Pursuing traditional publishers and literary agencies was quite interesting though. I started off by creating 4 documents:
  1. A proposal or covering letter
  2. A sample chapter document (1/3/5 chapter/s sample, based on specific publisher’s requirements)
  3. A synopsis of the story
  4. Author bio
After the book proposal along with the sample chapters and synopsis are sent, you wait. Yes, wait till you lose patience. It normally takes around 4-6 weeks for the publishers to get back with a response: positive or negative. If it is a direct rejection, you move on but if they show interest, don’t be too excited. You are not there yet.

If the publisher likes your synopsis and sample chapters, they might ask for the entire manuscript. The manuscript evaluation might take between 6 weeks to 6 months since a publishing house receives hundreds of proposals every day.

I started sending out the above documents to publishing houses and literary agencies. All this happened a month after I had completed the manuscript and 2 rounds of editing. I waited with bated breath for a response from any one of them.

The very first response came from a renowned Indian literary agency. The lady mentioned in her email that they had a first reading and appraisal fee depending on the word count of my manuscript which would give me a detailed feedback by the team of within eight weeks. She further mentioned that paying didn’t ensure the team accepting my work for representation. The reading fee came to 10K.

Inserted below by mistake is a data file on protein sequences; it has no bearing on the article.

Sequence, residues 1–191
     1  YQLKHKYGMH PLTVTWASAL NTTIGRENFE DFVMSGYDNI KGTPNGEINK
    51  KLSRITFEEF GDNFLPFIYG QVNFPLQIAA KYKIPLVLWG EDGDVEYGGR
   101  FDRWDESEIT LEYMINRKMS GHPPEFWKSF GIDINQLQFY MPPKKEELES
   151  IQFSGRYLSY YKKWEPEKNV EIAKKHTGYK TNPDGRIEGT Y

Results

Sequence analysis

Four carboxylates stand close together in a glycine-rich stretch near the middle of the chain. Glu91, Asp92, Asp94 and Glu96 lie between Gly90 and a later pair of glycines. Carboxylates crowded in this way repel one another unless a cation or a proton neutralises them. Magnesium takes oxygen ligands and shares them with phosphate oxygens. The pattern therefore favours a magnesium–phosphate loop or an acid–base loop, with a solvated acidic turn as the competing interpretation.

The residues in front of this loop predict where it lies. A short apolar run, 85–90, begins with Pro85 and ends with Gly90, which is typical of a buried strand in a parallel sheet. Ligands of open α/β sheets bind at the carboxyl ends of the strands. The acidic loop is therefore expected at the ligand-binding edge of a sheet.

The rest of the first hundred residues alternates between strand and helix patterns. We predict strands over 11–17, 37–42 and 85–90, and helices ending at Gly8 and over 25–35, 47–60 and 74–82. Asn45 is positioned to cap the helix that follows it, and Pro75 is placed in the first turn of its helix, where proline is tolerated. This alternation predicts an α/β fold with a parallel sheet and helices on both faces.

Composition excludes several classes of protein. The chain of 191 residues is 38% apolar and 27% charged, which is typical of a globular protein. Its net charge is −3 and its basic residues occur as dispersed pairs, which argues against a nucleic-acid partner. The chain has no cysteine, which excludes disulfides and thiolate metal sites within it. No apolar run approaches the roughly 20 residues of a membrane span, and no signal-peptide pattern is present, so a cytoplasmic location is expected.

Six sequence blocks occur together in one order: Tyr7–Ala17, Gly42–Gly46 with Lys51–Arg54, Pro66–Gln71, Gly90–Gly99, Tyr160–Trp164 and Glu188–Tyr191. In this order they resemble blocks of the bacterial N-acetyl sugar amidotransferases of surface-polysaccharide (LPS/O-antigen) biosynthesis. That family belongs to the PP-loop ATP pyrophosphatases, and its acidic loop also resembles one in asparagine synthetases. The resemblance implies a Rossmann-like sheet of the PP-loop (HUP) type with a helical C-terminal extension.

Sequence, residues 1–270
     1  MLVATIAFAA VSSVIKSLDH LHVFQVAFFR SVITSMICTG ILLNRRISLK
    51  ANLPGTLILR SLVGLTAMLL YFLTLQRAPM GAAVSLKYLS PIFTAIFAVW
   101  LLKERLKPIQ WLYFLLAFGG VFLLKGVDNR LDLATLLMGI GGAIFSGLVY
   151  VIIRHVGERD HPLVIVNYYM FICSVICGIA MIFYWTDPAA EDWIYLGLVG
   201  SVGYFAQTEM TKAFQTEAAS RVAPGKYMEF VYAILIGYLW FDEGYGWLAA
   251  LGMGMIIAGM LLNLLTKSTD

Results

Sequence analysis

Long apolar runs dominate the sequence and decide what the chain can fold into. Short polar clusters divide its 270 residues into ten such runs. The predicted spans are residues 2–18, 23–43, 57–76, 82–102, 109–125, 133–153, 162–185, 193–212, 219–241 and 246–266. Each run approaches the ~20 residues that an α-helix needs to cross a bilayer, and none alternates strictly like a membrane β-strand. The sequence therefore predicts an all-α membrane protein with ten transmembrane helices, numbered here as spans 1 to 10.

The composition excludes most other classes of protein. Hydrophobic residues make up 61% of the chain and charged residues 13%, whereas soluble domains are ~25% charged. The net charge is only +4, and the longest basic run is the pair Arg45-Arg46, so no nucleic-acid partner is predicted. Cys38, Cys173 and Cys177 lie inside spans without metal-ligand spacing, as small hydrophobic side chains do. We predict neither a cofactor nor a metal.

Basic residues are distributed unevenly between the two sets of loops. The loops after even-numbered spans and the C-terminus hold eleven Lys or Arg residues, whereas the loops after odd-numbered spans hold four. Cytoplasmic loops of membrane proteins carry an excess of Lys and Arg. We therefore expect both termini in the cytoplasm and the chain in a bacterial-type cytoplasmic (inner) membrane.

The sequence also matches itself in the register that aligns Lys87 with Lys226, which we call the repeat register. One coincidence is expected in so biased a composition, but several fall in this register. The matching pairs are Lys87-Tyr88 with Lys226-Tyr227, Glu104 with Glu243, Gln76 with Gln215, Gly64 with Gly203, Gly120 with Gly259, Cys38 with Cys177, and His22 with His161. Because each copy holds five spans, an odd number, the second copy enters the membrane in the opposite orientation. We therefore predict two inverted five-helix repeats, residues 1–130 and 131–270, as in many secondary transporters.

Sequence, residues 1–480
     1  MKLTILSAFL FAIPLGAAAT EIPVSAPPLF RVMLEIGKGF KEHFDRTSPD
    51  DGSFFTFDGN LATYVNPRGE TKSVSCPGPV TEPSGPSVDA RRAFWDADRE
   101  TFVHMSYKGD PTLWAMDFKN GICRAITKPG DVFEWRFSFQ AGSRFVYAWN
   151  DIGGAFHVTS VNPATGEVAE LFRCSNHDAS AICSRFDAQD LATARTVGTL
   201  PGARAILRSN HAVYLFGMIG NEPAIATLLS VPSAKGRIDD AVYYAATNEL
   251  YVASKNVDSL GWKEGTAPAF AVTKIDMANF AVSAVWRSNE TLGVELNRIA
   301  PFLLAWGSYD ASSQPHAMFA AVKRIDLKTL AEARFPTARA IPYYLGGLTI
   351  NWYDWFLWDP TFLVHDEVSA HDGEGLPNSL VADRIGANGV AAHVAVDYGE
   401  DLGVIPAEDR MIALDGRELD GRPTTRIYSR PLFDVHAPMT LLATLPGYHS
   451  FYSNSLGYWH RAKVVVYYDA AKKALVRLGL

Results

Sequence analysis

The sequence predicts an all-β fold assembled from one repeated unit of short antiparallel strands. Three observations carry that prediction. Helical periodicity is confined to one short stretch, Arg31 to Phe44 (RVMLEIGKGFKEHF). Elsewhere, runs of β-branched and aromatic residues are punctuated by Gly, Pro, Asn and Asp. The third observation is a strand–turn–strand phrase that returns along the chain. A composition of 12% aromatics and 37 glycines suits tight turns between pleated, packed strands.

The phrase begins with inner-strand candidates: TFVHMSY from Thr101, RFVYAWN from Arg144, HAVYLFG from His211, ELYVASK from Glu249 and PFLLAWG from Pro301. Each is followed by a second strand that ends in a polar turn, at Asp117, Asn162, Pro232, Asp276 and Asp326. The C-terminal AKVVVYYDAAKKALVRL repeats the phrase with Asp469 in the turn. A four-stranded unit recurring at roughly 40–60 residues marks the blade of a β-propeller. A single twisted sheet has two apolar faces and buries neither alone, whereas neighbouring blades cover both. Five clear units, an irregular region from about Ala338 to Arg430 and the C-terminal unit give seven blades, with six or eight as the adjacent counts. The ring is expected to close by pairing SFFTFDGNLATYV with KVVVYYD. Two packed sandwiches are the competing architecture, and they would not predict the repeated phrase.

Nice start, I said to myself.

Then a call came from a publishing house. He said that they were willing to publish my book at a flat fee of 35K which included 20 free copies. I asked him whether those 20 copies would be the only ones in circulation. He said something profound that involved dreams, 20 copies and 35K in a single sentence. I still haven’t understood what he said. I never heard from him again.

Next came the rejections. They were short, sweet and invariably ended with wishes for my book finding another home. I was okay with rejections as they gave me a feeling of closure unlike some publishers who just wanted me to hang onto the edge. These were the ones who made me wait a week at a time till I lost all hope and patience. This is the status of my proposal accepted/rejected/awaiting status as it stands now:

Proposals Sent
Hachette Books
Rupa Publishers
Atlantic Books
Leadstart Publishers
Roli Books
Gyaana Books
Indialog Publishers
Vision Books
Srishti Publishers
Prakash Books
Random House
Niyogi Books
Tranquebar Books
Expression Publishers
Dronequill Books

The Part-II of this articles is HERE!  

Copyright (c) Pigtale 2005-2010. Images copyright respective holders.

4 Reactions:

Abhaya said...

Very interesting post :)


Pigtale said...

@ Thanks a lot Abhaya. This is kind of a learner's guide, with me being the learner : o)

zion from sion said...

Hi very well written, am in the same stage now..haha, it's been three weeks since I've sent out the proposals. No response from anyone yet. Can you tell me how much time it takes for the publishing house to accept or reject the proposal? All the best with your endeavours...

Pigtale said...

@zion from sion: Thanks for stopping by and finding the post informative. Some publishers take around a week or two to get back and some take ages to say no/yes ; o)

Rest assured, it is not a fast process.